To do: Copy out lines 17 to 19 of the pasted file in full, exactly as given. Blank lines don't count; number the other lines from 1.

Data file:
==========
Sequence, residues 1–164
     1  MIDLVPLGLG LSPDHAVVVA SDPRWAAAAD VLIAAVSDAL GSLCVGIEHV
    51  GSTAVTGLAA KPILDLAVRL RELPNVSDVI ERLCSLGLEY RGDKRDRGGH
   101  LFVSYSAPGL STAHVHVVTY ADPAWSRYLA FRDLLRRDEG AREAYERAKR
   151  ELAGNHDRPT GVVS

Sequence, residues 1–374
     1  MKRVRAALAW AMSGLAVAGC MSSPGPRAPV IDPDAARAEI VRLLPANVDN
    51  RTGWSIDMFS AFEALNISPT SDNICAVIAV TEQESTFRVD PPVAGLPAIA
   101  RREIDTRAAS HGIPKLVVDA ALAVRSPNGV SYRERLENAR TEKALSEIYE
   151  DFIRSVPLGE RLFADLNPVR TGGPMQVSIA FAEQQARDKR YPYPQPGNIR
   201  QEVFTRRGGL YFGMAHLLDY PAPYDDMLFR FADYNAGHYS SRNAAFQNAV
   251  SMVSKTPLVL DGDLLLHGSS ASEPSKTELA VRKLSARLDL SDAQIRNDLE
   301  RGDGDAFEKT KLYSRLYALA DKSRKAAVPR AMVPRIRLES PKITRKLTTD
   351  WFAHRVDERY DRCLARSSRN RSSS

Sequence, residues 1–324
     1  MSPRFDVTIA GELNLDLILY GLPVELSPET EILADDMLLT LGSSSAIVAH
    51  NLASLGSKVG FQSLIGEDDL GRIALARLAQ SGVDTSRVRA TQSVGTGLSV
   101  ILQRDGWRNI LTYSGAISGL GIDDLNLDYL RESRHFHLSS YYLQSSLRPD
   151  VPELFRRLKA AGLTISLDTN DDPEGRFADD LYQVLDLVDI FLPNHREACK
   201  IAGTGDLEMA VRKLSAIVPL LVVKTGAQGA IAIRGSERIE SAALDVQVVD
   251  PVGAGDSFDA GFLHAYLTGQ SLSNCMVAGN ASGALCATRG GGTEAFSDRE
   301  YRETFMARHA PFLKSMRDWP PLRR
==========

    51  NLASLGSKVG FQSLIGEDDL GRIALARLAQ SGVDTSRVRA TQSVGTGLSV
   101  ILQRDGWRNI LTYSGAISGL GIDDLNLDYL RESRHFHLSS YYLQSSLRPD
   151  VPELFRRLKA AGLTISLDTN DDPEGRFADD LYQVLDLVDI FLPNHREACK